Hurricane Maria: September 2017
Hurricane Maria spread wreckage across the Caribbean as she sped toward the island of Puerto Rico. The damage was truly catastrophic in Dominica, where the storm basically flattened scores of homes and flooded others. The photograph below shows just how terrible the damage was there.
Guadeloupe, Martinique, Haiti, and the Virgin Islands also suffered widespread damage. But Maria is almost all about Puerto Rico. The storm made landfall there near Yabucoa on the southeast coast at 10 AM on September 20, 2017. The island was still recovering from Hurricane Irma, which devastated the nearby Virgin Islands and passed to the north of Puerto Rico, but still caused widespread power outages. After Irma, Puerto Rico sent supplies to the Virgin Islands, including water and tarps.
At landfall, winds were clocked at 155 mph, a strong category 4 storm. After landfall winds weakened but the eyewall grew during replacement leading to a larger area of damaging winds. Rainfall caused significant damage, up to 1 meter (38 inches) of rain fell in mountainous areas and much of the eastern half of the island received over 0.4 meters (15 inches). The ground was already saturated as a result of rain from Irma and so this water had nowhere to go. In one notable incident, floodwaters released from the La Plata dam rose up to 4.5 meters (15 feet), caused extensive flooding, and trapped several thousand people. The Guayataca dam was deemed to be at risk of collapse and tens of thousands of people had to evacuate. Flash flooding, mudslides, and landslides were common in mountainous areas, cutting off whole communities. A month after the storm only 640 kilometers (400 miles) of 8000 kilometers (5000 miles) of roads were passable, making getting relief to citizens difficult. Maria destroyed a total of 70,000 homes and damaged up to 300,000 others.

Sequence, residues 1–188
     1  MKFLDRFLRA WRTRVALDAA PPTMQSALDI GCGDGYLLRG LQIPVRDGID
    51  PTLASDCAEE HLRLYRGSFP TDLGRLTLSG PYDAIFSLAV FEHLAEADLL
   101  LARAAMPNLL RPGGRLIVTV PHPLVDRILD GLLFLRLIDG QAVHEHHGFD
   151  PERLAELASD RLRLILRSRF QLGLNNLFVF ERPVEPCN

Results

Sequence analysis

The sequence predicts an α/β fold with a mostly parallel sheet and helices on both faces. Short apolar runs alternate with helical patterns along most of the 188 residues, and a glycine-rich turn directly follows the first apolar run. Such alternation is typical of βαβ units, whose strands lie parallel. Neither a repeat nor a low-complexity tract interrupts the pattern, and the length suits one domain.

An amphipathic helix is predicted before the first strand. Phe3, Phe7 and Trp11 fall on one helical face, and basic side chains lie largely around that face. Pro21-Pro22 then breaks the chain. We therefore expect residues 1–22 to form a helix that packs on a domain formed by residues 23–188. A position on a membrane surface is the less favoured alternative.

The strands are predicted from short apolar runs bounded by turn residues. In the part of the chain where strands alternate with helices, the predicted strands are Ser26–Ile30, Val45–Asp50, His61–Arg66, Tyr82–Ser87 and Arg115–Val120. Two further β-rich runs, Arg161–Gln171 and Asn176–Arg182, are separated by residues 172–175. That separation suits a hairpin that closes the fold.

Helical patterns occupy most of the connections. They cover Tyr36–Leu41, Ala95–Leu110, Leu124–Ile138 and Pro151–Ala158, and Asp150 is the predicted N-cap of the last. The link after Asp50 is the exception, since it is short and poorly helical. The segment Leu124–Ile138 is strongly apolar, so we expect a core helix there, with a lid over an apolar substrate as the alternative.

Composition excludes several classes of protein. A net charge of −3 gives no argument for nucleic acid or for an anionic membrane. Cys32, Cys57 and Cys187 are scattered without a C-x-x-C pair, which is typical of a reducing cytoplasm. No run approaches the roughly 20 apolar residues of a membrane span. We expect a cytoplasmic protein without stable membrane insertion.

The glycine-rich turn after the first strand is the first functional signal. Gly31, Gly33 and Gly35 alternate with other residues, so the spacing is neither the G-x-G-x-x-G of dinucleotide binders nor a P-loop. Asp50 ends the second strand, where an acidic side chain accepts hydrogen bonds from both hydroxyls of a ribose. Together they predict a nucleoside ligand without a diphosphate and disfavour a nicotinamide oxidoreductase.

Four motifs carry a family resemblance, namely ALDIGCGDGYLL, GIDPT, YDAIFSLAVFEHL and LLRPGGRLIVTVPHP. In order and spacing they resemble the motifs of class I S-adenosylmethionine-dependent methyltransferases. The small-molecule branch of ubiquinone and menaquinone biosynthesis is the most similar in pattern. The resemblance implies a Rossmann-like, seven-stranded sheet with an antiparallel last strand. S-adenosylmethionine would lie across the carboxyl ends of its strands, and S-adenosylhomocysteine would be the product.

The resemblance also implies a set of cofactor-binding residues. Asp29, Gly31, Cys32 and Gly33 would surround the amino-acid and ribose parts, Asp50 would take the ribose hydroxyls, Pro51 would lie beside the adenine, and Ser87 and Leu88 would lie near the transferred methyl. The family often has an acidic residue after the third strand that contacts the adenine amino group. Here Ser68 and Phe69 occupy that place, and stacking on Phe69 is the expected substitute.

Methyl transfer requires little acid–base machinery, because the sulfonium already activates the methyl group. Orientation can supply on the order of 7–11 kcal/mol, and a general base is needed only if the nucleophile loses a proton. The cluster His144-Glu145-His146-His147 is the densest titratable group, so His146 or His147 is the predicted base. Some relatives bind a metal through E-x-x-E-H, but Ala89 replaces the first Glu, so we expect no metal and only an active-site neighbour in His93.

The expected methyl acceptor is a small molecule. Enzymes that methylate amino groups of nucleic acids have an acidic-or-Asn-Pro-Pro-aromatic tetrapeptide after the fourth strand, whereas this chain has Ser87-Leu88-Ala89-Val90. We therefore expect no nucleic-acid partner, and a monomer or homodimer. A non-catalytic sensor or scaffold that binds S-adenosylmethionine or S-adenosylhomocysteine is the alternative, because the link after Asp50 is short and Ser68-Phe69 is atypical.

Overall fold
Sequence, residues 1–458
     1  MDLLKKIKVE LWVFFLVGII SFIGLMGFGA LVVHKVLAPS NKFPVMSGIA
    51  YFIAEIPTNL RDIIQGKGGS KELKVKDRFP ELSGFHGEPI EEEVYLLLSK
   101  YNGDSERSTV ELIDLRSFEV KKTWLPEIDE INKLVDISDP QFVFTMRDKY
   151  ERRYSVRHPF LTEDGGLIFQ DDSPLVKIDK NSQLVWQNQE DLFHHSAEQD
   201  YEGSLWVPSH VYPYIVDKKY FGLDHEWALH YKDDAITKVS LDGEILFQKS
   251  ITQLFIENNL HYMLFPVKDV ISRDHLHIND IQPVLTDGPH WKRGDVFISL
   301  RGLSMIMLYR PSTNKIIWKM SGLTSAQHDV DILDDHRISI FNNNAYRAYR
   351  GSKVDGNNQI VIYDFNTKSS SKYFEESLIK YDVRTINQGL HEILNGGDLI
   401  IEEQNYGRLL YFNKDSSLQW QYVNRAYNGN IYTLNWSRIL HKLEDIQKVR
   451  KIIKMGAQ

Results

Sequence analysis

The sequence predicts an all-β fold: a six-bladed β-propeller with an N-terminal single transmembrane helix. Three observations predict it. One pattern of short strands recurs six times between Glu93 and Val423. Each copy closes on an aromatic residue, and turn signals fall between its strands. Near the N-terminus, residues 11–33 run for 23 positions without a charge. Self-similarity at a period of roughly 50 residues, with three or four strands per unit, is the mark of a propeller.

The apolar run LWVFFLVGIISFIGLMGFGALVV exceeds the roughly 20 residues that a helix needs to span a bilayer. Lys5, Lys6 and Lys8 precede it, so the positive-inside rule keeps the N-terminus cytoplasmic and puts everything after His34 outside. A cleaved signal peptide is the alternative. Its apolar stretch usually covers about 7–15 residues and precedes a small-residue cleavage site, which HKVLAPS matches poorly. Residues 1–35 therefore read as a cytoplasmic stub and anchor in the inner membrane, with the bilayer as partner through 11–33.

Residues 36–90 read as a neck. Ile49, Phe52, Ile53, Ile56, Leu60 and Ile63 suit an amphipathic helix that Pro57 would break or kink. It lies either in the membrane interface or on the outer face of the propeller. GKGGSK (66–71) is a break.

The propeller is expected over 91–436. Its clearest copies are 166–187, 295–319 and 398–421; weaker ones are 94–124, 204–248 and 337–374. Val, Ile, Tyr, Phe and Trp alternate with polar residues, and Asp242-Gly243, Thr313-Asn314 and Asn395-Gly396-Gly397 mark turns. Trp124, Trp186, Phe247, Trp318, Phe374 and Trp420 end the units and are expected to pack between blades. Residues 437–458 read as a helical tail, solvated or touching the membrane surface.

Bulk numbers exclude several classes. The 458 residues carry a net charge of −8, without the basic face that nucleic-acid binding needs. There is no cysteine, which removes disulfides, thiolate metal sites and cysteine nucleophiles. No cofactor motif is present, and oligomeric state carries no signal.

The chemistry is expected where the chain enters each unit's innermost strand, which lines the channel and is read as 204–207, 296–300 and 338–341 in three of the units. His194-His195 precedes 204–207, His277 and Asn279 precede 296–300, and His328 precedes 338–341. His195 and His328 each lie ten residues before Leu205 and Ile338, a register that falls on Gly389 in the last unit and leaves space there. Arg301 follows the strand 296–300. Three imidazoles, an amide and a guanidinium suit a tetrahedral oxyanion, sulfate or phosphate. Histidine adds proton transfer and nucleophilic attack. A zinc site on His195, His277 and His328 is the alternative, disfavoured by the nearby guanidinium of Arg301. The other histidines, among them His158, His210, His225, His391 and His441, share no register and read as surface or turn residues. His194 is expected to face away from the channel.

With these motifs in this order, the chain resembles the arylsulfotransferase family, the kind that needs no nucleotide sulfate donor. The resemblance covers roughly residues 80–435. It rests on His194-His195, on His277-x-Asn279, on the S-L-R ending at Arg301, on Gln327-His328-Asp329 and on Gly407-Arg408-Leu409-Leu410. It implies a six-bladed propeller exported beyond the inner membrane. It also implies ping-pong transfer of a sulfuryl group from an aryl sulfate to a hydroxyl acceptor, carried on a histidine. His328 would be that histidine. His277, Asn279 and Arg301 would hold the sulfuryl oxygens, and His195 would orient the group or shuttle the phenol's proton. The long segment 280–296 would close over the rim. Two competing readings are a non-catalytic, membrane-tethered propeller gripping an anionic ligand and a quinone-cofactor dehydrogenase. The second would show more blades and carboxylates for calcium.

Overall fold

Please take a look at the stunning before and after images from The Guardian, "Puerto Rico six months after Hurricane Maria: then and now" highlighting the impacts and recovery in Puerto Rico. Note that although repairs were completed, most houses pictured have only temporary fixes and blue tarps for roofs.
One of the lessons from Maria was the failure of the power grid. The Puerto Rico power grid was antiquated and extremely vulnerable to a storm like Maria. Lack of funding and years of mismanagement and failure to maintain equipment, combined with damage from previous storms left the grid extremely vulnerable. The national power company, the Puerto Rico Electrical Power Authority (PREPA) was over $7 billion in debt when it filed for bankruptcy months before Maria. Immediately after the storm, the power grid went down for the whole island, leaving 3.4 million people without electricity. Even hospital generators failed. Almost all cell and landline service was down. 90% of the island was still without power a month after the storm, and two months later 1.5 million people were without power. In some places, it took 11 months to restore power! After Maria, the federal government set aside $2 billion to fix the power system, but PREPA has been in bankruptcy negotiations for the last two years, and an earthquake in 2020 again led to widespread blackouts, so problems persist.